Guitar.com | All Things Guitar
For many of us, the past 12 months have meant adapting to a life without gigs and in-person rehearsals, finding ways to collaborate with bandmates remotely and reworking our rigs for direct recording and low-volume settings. I, for one, cannot wait to get back into a sweaty rehearsal room with a drummer and turn my amp up loud.
However, the notion of what it means to be a modern guitarist is much more existential than that, so we rounded up a panel of artists, makers and influencers to ask them what they think about the state of guitar culture in 2021. Their answers are fascinating, entertaining and thought-provoking, and you can read what they had to say in this month’s cover feature.
With the tantalising prospect of live music returning this summer, this issue’s artist interview line-up feels, quite accidentally, like we’ve assembled the fantasy festival bill of my dreams. Taking place over two days (I’m too old and tired to recreate the five-day Glastonbury marathons of my teens and twenties) and featuring two headline acts, Tame Impala’s swirling psychedelic daydreams and Teenage Fanclub’s blissful harmonies and frayed guitar lines would do very nicely indeed. Back in the real world, read what Tame Impala polymath Kevin Parker and Teenage Fanclub’s legendary guitar duo Raymond McGinley and Norman Blake had to say when we caught up with them on pages 20 and 30 respectively.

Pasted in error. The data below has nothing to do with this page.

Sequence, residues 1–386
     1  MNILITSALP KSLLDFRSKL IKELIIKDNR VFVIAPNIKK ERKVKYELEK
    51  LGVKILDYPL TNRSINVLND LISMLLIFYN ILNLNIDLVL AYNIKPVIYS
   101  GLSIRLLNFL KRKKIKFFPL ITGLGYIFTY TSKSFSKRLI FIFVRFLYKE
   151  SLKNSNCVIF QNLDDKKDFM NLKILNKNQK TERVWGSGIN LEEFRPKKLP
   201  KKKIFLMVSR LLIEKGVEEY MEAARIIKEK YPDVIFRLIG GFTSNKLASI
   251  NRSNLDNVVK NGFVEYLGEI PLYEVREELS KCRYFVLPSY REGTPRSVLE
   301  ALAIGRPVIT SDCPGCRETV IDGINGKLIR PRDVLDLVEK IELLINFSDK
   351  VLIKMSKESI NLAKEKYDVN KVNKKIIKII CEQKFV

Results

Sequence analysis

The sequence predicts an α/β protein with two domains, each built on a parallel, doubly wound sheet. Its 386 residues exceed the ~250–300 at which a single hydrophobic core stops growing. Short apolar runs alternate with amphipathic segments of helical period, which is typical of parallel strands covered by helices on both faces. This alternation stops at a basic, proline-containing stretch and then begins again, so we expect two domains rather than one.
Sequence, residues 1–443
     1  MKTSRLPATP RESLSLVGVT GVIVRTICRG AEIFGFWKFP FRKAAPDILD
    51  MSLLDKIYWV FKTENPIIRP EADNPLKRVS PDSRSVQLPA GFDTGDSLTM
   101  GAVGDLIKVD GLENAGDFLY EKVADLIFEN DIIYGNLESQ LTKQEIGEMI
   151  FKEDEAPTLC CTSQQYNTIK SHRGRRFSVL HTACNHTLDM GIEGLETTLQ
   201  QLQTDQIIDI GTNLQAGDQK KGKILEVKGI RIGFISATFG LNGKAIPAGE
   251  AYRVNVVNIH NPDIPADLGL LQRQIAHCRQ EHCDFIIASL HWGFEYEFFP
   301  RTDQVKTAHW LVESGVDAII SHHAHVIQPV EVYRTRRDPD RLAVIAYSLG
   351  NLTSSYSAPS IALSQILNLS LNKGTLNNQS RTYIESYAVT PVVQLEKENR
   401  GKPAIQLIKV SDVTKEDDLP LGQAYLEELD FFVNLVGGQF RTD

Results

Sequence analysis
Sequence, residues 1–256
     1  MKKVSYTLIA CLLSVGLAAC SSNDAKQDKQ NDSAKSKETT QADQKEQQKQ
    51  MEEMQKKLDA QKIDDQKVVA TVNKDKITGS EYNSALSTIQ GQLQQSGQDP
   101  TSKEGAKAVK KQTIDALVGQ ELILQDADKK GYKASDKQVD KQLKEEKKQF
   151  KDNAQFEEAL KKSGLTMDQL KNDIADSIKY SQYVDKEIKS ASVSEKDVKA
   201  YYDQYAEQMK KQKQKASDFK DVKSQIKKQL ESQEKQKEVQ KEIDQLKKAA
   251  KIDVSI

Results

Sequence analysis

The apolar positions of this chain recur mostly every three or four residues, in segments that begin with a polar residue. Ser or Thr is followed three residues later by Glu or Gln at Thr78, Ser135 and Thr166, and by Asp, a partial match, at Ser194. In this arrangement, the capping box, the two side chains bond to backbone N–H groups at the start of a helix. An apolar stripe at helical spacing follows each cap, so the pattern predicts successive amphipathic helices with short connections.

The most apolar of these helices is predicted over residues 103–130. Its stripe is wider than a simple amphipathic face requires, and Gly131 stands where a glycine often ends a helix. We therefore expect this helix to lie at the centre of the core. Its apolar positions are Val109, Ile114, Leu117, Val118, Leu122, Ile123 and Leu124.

That’s it from me until next month – enjoy the mag and head to Guitar.com for your daily dose of guitar news, reviews, features and tutorials.
Inside the issue
In the decade since Tame Impala’s debut album was born in a beach shack in Western Australia, Kevin Parker’s psychedelic rock project has grown into a festival-headlining, Grammy-nominated behemoth. But back then it was just about a man, his guitar and the Indian Ocean. Here, Parker reflects on a seminal record, discusses his approach to making “disorienting” guitar parts and his love for Hank Marvin, and tells us why he will never replace his pedals with plugins.
Unlike many of their 1990s alternative peers, Teenage Fanclub burned bright but never burned out. Now, 35 years into a career that spans 11 studio albums, we ask guitarists Raymond McGinley and Norman Blake to take stock, as they talk cheap offsets, touring with Nirvana and Radiohead, and why they’re feeling stronger than ever.
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